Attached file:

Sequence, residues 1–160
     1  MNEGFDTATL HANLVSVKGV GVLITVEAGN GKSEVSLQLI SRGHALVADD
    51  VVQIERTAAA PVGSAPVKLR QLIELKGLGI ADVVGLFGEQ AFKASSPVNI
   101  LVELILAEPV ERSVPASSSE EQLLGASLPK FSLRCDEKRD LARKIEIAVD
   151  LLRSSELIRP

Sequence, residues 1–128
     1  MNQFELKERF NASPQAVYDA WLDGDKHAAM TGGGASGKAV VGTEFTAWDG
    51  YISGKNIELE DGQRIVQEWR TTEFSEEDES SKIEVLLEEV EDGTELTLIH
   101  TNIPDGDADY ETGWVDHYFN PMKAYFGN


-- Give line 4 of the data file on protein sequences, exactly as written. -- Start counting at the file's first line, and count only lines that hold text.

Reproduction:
   101  LVELILAEPV ERSVPASSSE EQLLGASLPK FSLRCDEKRD LARKIEIAVD